“Recruitment for our universities is a difficult job since they compete with other institutions on a global scale,” Klinker said. “This bill will have a serious impact on our public universities’ ability to recruit faculty members and will cost them millions in its implementation.”

The bill seeks to push for an expansion of “intellectual diversity,” but there is a prevalent fear that the requirement for additional viewpoints would require professors to teach incorrect material.

According to a 2014 National Science Foundation survey, “26% of Americans believe the sun revolves around the Earth. If S.B. 202 is passed, will the board of trustees see to it that that point of view is represented on the faculty?” John Contreni, professor emeritus of history, said in a letter to the Exponent. “What about the notion that the Earth and everything on it was created in six days about 6,000 years ago?”

During his presentation to the House Committee on Education, Deery, one of the authors of the bill, said it doesn’t mandate research topics.

“I think you need to distinguish between the classroom and the course content and their research,” Deery said. “There is no mandate of any particular content for any course nor is there a prohibition of any particular content for any course.”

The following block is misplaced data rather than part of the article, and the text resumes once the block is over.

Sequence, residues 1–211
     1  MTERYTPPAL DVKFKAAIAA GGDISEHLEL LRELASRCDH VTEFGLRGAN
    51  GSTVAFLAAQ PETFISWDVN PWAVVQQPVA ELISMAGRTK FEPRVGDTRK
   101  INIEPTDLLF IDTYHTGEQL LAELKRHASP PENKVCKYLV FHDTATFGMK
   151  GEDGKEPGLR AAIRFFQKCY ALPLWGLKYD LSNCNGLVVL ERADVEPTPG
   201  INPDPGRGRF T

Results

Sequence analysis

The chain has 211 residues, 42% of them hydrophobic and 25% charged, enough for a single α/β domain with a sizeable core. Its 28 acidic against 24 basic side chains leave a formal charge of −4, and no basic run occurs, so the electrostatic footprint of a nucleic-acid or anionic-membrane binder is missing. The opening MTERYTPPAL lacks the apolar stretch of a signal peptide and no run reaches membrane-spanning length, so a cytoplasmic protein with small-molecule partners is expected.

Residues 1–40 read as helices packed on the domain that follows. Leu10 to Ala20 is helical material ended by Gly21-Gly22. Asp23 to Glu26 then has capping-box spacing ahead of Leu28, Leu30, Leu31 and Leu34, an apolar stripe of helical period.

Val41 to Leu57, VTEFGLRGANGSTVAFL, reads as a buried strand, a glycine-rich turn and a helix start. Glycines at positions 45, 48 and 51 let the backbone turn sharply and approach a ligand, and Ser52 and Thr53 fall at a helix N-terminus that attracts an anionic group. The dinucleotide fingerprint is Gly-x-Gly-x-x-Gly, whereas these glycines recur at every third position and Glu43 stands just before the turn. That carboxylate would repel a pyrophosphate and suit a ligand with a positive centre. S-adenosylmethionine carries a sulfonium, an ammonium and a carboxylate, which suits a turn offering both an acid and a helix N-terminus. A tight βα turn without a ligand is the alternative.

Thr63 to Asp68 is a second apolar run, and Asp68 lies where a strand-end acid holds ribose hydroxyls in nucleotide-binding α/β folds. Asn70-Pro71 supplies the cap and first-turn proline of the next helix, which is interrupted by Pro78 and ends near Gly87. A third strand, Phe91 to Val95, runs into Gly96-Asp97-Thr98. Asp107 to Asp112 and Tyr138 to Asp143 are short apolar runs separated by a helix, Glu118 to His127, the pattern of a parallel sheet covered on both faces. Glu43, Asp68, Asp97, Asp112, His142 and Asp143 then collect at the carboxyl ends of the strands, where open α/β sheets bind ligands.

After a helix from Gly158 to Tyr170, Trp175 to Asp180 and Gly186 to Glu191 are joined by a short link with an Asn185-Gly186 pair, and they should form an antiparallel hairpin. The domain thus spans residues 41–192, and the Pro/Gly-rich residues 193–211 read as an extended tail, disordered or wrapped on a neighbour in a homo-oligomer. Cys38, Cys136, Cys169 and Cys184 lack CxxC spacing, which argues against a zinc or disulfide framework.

While he said the intention behind the bill is to increase academic freedom, not content regulation, many opponents argue it has the opposite effect.

“In many ways, this bill acts as the proverbial thought police,” Democratic West Lafayette Rep. Chris Campbell said in a press release following the passage of the bill in the House Chamber. “Individual faculty should be judged by the standards of their field, not by a particular student or board member who believes they fail an ideological litmus test.”

There are standards already in place to ensure intellectual diversity and academic freedom exist in all classrooms across the state and that students have the space to speak their minds, she said. The bill is an overreach of the government attempting to “solve a problem that doesn’t exist.”

“From the amount of correspondence I’ve received, I know S.B. 202 fails to represent the views of my constituents and the Purdue faculty,” Campbell said. “We’re proud to be a college town, and many members of our community are successful, tenured professors. They’ve worked hard for West Lafayette and for our state through their research and development, but this bill calls their dedication to their fields into question.”

Klinker, a former employee in the College of Education, said the defining members of a university are its professors who dedicate their time to serve as teachers and mentors for young students. Any legislation that would restrict their role jeopardizes the “well-being” of the institution as a whole.

“Our university’s faculty impacts our young students profoundly through their guidance, mentorship and dedication to the classroom,” she said. “I believe this legislation directly puts faculty and their positions at risk.”

The politicization of higher education in Indiana would not stop with S.B. 202, Targ says. The passage of S.B. 202 is not a one-and-done situation and may be the sign of things to come.

“It’s very possible that this is just the beginning,” Targ said. “If you look at the state of Florida and higher education, the governor and various other political influentials have been kind of clownish and buffoonish in trying to repress public education. In Indiana, I think the process has been a lot more subtle.”